May 29, 2013 Tech In Motion Demo Night

Hearing startup pitches is usually the domain of venture capitalists and tech reporters. It’s rare the rest of us get to see how hopeful entrepreneurs are positioning their products and grandiose visions behind closed doors. Luckily, we have demo events to fill that gap. Wednesday night in San Francisco played host to one such event, which featured a liberal range of mostly early-stage companies—from enterprise marketing software to recruiting tech. The event was the first demo night sponsored by Tech In Motion, a year-old meetup catering to San Francisco tech professionals and enthusiasts. 

What the event lacked in industry focus, it made up for in enthusiasm as six startups showcased their wares to a packed room in the heart of downtown.  

Here’s a roundup of the startups the crowd heard from:

Thismoment helps brands deliver “dynamic brand experiences” across channels—from social media, to web, to mobile. Brands are now producing more content than ever but getting it to play nicely across platforms and social sites, not to mention measure its impact, is easier said than done. Thismoment wants to fix that and be the connective content distribution and measurement tissue for the Fortune 500 marketing crowd.

While Thismoment is less known than many of its counterparts in the marketing/ad tech space, it appears to be doing quite well. The company has offices in four U.S. cities, and international presences in London and Latin America. It also raised a $22M in Series C last year from Trident Capital, and calls IBM and P&G customers.

Not bad traction for a company that only launched in 2010.

San Francisco-based Givkwik offers a way for companies to get customers involved in their corporate philanthropy programs. With Givkwik, companies can essentially crowdsource who they should give their money to. Customers vote from a select group of charities, and can also donate themselves. Givkwik then dispenses the money to the winning charity, which the company charges a small fee to process.

CEO Jason Rosado said the company started off by building a B2C donation platform, but realized the real need was in B2B.

While corporate philanthropy is unarguably a good thing, we wonder if turning it into a public game of sorts has enough appeal to gain widespread traction. For everyone’s sake, we hope it does.

Ever thought about applying for a job but passed because the company looked, well, boring?

Zoomforth aims to change that with its embeddable “Lenses” that help companies visually communicate via photos and videos why talent should join their crew. Think of it as digital storytelling for company recruiting pages.

Zoomforth also allows administrators to easily have employees record videos about their experiences at a company. According to cofounder Guru Khalsa, ensuring those videos are high quality is one of the main areas his team is focusing on.

Recruiting technology startups sure have been receiving a lot of attention lately, especially around using big data to identify worthy candidates. Zoomforth differentiates itself from the pack by focusing on getting candidates already interested to actually apply. Whether or not Zoomforth succeeds, one thing is certain: every company can benefit from attracting the candidates most likely to be a culture fit.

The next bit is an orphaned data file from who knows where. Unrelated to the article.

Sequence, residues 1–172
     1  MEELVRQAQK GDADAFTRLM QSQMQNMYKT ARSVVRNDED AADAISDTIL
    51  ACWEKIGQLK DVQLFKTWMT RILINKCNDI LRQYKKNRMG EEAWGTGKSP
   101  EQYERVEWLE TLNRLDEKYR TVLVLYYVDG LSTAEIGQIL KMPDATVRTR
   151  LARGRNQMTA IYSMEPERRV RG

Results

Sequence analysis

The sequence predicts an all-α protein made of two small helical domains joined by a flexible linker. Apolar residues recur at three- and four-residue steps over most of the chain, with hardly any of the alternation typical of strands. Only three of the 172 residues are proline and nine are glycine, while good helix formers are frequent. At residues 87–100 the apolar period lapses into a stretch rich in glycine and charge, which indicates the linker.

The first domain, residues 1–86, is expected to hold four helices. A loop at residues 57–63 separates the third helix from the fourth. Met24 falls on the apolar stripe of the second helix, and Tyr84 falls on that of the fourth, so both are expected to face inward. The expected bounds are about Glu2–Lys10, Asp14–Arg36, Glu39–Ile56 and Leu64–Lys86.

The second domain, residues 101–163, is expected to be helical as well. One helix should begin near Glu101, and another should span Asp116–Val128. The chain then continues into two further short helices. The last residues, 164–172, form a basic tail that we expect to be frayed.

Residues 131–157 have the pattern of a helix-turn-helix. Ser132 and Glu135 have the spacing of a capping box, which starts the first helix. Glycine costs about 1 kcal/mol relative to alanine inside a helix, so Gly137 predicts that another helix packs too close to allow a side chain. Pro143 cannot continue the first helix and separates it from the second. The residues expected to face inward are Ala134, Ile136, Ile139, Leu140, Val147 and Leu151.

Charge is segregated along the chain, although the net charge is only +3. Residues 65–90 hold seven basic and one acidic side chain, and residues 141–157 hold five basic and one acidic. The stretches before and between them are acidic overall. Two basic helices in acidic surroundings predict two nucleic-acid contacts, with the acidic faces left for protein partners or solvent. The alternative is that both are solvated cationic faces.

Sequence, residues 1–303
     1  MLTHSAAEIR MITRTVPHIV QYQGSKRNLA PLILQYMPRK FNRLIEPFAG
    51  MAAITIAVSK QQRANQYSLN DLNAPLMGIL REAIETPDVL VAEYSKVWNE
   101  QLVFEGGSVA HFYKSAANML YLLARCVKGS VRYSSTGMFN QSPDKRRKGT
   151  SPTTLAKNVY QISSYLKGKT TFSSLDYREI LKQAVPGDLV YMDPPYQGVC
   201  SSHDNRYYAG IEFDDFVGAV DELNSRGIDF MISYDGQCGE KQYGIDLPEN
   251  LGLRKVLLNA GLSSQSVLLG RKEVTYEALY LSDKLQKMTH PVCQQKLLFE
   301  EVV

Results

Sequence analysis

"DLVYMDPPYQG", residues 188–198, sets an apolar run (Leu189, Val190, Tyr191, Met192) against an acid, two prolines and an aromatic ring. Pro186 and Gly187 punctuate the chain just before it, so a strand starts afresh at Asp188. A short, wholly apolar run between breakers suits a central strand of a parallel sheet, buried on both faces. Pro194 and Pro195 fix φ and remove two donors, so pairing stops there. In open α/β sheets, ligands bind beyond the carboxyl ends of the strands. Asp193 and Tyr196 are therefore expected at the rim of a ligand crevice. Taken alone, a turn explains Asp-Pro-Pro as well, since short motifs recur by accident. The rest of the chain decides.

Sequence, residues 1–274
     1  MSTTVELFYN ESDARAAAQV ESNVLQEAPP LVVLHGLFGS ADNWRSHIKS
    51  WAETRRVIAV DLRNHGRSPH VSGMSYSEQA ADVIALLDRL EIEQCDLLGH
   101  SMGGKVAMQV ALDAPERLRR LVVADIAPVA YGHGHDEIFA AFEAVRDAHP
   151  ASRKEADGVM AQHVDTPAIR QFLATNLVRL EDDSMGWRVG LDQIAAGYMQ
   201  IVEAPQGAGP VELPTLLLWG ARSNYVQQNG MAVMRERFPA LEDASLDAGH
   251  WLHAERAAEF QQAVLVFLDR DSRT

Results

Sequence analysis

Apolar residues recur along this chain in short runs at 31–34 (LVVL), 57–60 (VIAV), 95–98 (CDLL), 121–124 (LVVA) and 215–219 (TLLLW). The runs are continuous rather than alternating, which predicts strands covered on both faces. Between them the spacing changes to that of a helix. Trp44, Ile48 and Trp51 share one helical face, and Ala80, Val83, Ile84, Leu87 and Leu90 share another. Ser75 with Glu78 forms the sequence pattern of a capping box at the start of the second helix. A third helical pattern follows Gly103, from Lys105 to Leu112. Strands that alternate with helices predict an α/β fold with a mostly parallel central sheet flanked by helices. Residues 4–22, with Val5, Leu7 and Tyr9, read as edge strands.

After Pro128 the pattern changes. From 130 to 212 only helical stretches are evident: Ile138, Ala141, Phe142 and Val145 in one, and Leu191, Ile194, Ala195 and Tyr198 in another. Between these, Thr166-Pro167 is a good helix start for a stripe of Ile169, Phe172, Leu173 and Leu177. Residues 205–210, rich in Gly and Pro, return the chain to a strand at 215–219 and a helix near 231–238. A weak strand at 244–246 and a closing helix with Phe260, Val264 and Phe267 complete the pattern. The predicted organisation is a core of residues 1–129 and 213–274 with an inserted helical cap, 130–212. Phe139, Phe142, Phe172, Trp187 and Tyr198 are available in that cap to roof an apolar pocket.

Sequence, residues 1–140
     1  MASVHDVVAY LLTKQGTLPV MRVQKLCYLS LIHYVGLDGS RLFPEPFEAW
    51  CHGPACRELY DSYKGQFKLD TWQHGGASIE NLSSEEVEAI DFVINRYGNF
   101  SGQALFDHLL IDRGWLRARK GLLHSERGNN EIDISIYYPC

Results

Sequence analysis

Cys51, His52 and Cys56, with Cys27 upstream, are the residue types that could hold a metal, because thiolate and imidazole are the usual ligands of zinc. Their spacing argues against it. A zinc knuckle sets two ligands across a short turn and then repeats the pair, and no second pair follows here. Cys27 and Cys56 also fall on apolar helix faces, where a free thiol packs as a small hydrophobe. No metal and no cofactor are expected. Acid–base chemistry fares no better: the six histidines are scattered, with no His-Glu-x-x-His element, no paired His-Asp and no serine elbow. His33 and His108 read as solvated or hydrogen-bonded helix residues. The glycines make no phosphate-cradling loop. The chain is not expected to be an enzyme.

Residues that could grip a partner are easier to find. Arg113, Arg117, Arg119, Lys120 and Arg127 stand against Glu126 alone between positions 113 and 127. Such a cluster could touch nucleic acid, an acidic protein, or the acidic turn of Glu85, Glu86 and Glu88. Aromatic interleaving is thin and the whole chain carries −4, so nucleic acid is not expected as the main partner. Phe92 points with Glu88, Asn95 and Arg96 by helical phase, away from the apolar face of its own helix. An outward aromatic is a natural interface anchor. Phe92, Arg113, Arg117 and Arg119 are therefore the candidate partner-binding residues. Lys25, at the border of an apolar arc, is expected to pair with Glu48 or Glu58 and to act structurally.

Just 11 weeks old, DocSend was the youngest of the demoing companies. Currently in closed beta, DocSend allows you to share documents and—here’s the differentiating point—view analytics on how people interact with the documents. You can even tell how long people are looking at certain pages. For example, did your prospect actually look at that RFP and if so, did they spend an irregular amount of time on the budget page?

It’s no surprise that cofounder Dave Koslow said the company sees sales teams as a potential primary target for the product. Koslow added that DocSend differentiates itself from larger sales-specific products such as ClearSlide through its lower price point and that it doesn’t require a contract or other long-term commitment. 

Three-month-old Sqwiggle wants to crack down on the communication problems common among remote teams. While in-person teams enjoy sporadic brainstorms, personal bonding and inside jokes, those benefits are often lost in space across distance and time zones. This can result in a less engaging work experience and diminished trust among coworkers.

Sqwiggle describes its software as a “persistent online workplace” where everyone can work together and communicate throughout the day. Cofounder Eric Bieller explained the primary features are text chat, video chat, drag-and-drop files and also continuous photo taking. Yes, Squiggle will actually take a photo of your team members at their desks every 8 seconds or so. In theory, this means feeling more connected to your team in real-time. In practice, it could mean forgetting about hiding that nagging Diet Coke addiction.  

The payments space is hot. Between Square, PayPal founder Max Levchin’s startup Affirm, and backend solutions like Stripe, payments is one of the more lucrative—if not technically challenging—areas for a startup to tackle.

Ribbon takes a unique approach by making it super simple for anyone to sell a digital or physical product online. The company also provides a way for users to easily promote their products through social channels like Twitter and Facebook. A quick test of the site proved the service to be speedy. It’s clear the founders are putting a lot of effort into making the process as seamless as possible for both the seller and the buyer.

So if it’s time to sell those old LPs, Ribbon may be just the answer.